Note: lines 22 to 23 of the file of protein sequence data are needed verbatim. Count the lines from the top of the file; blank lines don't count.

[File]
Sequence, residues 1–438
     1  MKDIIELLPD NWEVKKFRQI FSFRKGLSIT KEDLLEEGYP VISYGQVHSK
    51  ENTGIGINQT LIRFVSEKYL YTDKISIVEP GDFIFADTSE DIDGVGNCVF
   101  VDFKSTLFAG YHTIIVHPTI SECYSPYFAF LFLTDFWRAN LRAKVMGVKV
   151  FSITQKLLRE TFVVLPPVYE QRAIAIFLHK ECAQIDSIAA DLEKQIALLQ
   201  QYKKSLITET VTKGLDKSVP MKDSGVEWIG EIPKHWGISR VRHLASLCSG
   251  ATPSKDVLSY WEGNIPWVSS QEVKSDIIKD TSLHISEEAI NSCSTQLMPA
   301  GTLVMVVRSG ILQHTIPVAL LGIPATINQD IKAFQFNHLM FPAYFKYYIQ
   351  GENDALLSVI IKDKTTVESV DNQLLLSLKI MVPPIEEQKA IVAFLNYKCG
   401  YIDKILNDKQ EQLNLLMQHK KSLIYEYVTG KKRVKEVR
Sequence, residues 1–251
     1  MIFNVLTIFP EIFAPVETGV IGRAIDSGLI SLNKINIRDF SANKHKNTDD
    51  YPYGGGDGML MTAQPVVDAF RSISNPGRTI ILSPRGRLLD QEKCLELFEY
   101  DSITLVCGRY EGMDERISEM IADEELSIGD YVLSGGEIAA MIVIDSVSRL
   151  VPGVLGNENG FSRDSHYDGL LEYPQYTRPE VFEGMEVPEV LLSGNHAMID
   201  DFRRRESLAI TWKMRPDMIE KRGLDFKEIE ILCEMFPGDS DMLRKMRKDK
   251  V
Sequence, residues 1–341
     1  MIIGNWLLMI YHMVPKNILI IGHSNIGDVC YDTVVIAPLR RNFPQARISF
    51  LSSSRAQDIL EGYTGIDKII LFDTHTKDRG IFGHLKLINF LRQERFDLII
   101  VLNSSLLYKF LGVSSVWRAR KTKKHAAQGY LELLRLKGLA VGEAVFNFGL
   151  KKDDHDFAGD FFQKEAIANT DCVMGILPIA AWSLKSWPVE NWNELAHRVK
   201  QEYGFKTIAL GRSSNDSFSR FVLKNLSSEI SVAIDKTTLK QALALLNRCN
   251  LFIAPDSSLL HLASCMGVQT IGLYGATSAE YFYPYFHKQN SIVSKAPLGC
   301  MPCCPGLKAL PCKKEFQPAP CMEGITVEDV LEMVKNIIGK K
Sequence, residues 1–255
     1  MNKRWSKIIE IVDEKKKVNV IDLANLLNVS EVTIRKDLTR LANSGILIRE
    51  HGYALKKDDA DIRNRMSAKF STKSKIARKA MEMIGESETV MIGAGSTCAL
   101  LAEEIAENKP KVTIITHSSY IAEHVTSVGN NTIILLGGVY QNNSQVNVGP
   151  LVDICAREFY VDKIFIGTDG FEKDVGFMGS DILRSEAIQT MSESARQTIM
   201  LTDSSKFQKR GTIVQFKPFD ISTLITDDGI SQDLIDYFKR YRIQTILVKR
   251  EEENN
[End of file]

   151  KKDDHDFAGD FFQKEAIANT DCVMGILPIA AWSLKSWPVE NWNELAHRVK
   201  QEYGFKTIAL GRSSNDSFSR FVLKNLSSEI SVAIDKTTLK QALALLNRCN